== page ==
Born in Spain, Beloved in Antakalnis. Images of Jesus of Nazareth in Lithuania

2019 05 20

The exhibition presents images of Christ that are conventionally called Jesus of Nazareth. These works of common origin, bearing the biblical name of the Messiah, constitute an important part of the heritage of Lithuanian Catholic art.

The prototype of sculptures of Jesus of Nazareth and their images is the miraculous robed statue of Christ from the Church of the Discalced Trinitarians (the Most Holy Trinity and of the Captives, Lat. SS. Trinitatis de Redemptione Captivorum Discalceatorum), also called the Congregation of the Discalced Trinitarians of Spain, in Madrid. Today it is called the Basilica of Jesus de Medinaceli under the auspices of the Capuchins: the temple and the statue were given the name of its benefactors, de Medinaceli family. Sculpted in the 1610s, this robed statue of the Sevillian school of baroque sculpture characterised by naturalist stylistics was also called a ransomed one, as in 1682, together with some captives, it was ransomed from captivity and scorn by the Spanish Trinitarians in the capital of Morocco, Meknes (Mequinez in Spanish). They took this image of Jesus to their Madrid church, where it became an object of special veneration famous for its graces. The Discalced Trinitarians decorated their temples with copies and replicas of the sculpture, included its images in prayer books, disseminated its engravings and founded special fraternities. In Spain and in the territories where the Discalced Trinitarians operated, the image spread beyond the boundaries of the order.

Having arrived in the Kingdom of Poland in 1685 and in the Grand Duchy of Lithuania in 1693, the Discalced Trinitarians of the Polish-Lithuanian Commonwealth formed St Joachim’s Province, northernmost and easternmost of the centre of the order in Spain. Partitions of the state and post-uprising repressions made it shrink, and in 1864, tsarist authorities abolished the two last Trinitarian monasteries of Antakalnis in Vilnius and Solec in Warsaw. However, the Trinitarians of St Joachim’s Province fostered their spiritual and artistic traditions. The group of images of Jesus of Nazareth is one of the most distinct traces of their artistic tradition and devotion to the Saviour found in the states that inherited the territory of the Polish-Lithuanian Commonwealth. In Lithuania, the Order of the Most Holy Trinity (O.SS.T.; from 1900, not divided into branches) has not been restored, but the artistic heritage of the cult of Jesus of Nazareth promoted by the Trinitarians is significant, and the tradition of creating this image, which was gradually linked with the devotion to the Most Sacred Heart of Jesus in Antakalnis and elsewhere, has become an intrinsic part of Lithuanian Christian art, quite prominent in folk art.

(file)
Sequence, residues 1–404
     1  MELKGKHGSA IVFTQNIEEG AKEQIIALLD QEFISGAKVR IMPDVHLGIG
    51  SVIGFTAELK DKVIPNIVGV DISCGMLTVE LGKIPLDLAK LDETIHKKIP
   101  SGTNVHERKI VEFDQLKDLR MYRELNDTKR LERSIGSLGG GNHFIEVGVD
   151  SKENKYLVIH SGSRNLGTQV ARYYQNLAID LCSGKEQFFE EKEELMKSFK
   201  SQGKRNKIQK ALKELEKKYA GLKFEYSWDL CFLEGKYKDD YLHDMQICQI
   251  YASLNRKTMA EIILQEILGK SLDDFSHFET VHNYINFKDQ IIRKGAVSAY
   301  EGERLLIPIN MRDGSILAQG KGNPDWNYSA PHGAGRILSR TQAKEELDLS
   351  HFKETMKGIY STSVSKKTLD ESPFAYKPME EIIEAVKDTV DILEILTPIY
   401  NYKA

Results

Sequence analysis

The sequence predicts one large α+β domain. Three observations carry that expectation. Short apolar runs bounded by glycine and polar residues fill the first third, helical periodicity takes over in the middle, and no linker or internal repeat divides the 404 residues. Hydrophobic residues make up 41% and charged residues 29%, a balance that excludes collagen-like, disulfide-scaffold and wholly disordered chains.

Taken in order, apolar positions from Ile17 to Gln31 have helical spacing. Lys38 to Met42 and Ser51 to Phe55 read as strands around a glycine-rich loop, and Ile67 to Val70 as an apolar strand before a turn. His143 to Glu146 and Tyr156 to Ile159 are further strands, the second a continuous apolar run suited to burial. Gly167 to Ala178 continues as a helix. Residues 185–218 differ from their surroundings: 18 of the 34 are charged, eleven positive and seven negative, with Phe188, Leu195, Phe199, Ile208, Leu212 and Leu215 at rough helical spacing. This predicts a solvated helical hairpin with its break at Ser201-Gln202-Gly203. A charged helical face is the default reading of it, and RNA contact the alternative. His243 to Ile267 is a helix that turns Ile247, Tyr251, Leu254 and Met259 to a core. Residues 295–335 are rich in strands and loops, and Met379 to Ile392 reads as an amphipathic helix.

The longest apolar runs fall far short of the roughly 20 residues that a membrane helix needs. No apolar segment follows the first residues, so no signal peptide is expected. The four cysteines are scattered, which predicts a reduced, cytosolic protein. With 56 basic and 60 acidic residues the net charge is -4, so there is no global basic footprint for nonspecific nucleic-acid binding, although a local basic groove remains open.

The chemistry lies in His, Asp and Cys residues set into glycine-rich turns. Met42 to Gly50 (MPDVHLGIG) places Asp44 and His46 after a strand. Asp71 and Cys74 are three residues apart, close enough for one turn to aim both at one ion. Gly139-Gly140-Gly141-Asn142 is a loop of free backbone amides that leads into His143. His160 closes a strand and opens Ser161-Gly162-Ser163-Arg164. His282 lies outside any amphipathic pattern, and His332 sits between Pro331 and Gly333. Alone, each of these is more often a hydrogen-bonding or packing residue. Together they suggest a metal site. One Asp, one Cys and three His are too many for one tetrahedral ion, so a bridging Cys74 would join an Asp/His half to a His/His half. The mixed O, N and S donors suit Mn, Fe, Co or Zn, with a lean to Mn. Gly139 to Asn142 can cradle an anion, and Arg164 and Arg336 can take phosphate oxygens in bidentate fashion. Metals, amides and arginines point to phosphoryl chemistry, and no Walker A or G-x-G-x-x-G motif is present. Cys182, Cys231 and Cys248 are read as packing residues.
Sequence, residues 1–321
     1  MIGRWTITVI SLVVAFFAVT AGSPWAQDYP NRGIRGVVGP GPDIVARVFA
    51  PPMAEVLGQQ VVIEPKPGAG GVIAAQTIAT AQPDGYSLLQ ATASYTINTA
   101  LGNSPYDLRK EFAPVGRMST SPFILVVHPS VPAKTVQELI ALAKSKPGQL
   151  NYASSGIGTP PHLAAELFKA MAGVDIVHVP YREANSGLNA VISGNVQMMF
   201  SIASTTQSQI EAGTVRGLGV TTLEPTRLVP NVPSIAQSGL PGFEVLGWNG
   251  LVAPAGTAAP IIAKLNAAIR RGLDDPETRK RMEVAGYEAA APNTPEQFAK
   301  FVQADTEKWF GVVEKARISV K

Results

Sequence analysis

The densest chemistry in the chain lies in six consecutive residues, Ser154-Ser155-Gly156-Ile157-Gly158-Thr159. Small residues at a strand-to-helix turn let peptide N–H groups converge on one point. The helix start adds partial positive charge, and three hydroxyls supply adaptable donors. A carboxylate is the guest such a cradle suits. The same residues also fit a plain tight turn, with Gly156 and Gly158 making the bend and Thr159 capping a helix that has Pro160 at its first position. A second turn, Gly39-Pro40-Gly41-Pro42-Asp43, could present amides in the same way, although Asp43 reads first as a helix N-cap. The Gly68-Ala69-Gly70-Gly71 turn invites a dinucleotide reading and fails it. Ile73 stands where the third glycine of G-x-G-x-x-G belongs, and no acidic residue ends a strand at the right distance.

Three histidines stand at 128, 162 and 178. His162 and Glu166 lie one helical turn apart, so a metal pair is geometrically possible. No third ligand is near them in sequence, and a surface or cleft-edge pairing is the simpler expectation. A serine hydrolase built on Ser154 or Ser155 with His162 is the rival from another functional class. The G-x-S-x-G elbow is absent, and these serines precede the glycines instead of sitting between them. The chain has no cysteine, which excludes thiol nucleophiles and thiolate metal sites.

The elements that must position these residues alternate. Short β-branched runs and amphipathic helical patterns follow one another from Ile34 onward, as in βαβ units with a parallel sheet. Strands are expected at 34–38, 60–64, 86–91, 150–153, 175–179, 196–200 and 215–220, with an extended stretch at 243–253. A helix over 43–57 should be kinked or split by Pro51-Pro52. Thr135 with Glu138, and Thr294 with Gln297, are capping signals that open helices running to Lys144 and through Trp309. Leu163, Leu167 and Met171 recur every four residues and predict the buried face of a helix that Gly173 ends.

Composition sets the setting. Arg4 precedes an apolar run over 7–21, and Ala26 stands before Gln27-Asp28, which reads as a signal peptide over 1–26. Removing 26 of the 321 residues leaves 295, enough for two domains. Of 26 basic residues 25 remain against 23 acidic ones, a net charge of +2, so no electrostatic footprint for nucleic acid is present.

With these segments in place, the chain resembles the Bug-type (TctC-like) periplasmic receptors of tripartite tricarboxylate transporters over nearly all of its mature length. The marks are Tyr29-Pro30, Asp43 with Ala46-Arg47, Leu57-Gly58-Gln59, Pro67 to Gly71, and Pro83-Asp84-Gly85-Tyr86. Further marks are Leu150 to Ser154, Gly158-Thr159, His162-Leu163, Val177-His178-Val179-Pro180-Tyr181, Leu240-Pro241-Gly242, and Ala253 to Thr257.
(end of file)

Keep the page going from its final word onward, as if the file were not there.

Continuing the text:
The exhibition consists of five parts, presenting the Trinitarian image of Jesus of Nazareth and its origin, the miraculous sculpture of Jesus of Antakalnis, images of the Jesus of Antakalnis (Jesus of Nazareth) in Lithuanian churches, sculptures of Jesus of Nazareth erected in buildings of small-scale architecture standing at farmhouses, burial places and other public spaces, and objects of private piety.

Curator: Regimanta Stankevičienė
Organiser: Church Heritage Museum
Supported by Archdiocese of Vilnius
Media sponsor:


Vilniaus Akivyskupija            

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